Rare Book Monthly

Book Catalogue Reviews - July - 2003 Issue

The Rise of Theodore Roosevelt By Edmund Morris

Review8_1

The second volume in the trilogy.


A book review by Bruce McKinney

I had the opportunity recently to read The Rise of Theodore Roosevelt by Edmund Morris, a book that won, and thoroughly deserved, a Pulitzer Prize. I came to this book having already read Theodore Rex, Mr. Morris’ second volume of a planned three volume biography of Roosevelt’s life. This volume, the first in the series, covers the period from his birth in 1858 until 1901 when, as Vice President, he assumes the Presidency upon the death of William McKinley. For those who enjoy history and biography this is a very interesting interpretation.

Theodore Roosevelt, the man, personifies America’s transition from an important if isolated nation, to that of a world power. His life began in New York City in the year of the Lincoln Douglas debates and ended in 1919, a few months before the Treaty of Versailles was signed ending the First World War.

He was born into wealth and managed to spend a substantial portion of his inheritance early. But he was also able to find ways to make money and so to be able to maintain a wealthy lifestyle even as his appetites grew to exceed his underlying capital. Chief among his money-making strategies was the writing of books. Certainly no President before or since has come close to his majestic output of 38 volumes. Few authors, in a life of 61 years, accomplish this. And of course in his life he had a few other jobs such as: Governor of New York, Assistant Secretary of the Navy, New York State Assemblyman, Colonel in the United States Army, and two terms, less a few months, as President of the United States -- and he did all of these things before he was 50. Seen in this way, it is hard to understand that we do not know more about him. Even in 1941, with the opening of Arsenic and Old Lace, his name remained familiar to stage goers. The last sixty years have worn some of the gleam from his star. He is also the person for whom the icon of babyhood was named: the Teddy Bear.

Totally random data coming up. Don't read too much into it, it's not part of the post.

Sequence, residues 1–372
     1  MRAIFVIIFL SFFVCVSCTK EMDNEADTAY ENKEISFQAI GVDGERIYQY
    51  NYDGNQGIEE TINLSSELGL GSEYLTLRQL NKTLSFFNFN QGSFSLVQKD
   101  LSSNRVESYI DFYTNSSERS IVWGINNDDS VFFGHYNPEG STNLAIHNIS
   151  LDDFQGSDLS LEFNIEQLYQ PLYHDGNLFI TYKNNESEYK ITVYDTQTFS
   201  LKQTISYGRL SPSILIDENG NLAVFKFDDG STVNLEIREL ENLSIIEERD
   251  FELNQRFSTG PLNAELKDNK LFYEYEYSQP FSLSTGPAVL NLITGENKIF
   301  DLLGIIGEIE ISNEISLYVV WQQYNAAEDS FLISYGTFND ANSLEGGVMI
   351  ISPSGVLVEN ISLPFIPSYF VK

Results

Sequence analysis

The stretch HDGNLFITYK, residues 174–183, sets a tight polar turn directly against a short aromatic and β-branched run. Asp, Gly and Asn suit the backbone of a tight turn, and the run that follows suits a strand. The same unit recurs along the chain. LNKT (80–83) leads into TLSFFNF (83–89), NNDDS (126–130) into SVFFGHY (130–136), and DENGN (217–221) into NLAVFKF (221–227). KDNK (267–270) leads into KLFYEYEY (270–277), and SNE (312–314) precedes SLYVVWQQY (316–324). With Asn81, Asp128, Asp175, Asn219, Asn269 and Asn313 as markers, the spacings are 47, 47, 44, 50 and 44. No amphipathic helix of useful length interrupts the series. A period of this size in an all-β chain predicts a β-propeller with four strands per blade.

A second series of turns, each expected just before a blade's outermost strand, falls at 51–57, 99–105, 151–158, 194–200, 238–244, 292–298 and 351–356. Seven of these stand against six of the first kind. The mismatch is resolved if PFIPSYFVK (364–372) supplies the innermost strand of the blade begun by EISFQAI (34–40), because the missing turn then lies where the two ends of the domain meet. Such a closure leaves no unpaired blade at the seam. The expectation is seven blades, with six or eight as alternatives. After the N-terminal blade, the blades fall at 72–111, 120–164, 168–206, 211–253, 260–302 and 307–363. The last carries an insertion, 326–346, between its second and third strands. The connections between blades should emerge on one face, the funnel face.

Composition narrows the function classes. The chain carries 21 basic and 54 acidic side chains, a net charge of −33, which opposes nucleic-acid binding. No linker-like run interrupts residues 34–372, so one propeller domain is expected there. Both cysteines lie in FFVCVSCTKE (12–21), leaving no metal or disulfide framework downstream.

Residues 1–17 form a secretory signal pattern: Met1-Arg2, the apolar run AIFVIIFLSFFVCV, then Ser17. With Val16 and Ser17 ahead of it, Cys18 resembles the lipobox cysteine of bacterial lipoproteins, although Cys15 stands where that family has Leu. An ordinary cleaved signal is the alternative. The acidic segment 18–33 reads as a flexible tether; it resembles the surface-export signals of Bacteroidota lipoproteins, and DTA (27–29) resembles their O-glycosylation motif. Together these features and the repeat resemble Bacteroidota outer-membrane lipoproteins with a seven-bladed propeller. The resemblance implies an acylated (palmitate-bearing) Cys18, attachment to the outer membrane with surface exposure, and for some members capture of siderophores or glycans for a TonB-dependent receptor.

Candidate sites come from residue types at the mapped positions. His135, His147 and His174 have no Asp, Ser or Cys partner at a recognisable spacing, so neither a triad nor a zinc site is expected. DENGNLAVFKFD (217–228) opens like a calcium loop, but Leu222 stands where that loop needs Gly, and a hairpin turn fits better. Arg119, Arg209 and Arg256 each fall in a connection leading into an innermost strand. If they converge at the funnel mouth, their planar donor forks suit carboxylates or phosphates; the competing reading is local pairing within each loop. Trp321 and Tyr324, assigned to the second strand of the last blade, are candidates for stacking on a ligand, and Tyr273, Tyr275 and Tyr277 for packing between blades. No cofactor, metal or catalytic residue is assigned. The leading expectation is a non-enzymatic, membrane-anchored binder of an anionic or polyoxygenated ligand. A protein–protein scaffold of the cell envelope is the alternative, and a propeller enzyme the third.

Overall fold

He was a transitional figure. He was born at a time when America was not yet an industrial power. Its social policies more reflected the images of Charles Dickens than Mark Twain. And its banking and financial system did not yet have safeguards to ensure an orderly transition from good to bad times and back. In the 19th century America lurched from panic to banking crisis to success followed by failure once again. America was learning but it was learning the hard way – by making mistakes. Government was an ongoing argument pitting business against labor and states against a stronger national government.

Theodore Roosevelt’s coming of age corresponded with the gathering potential for America to play a larger role in world affairs (talk softly and carry a big stick), the increasing demands of the working class and the building out of the American West. Roosevelt was perhaps uniquely capable to understand how each of these complex issues

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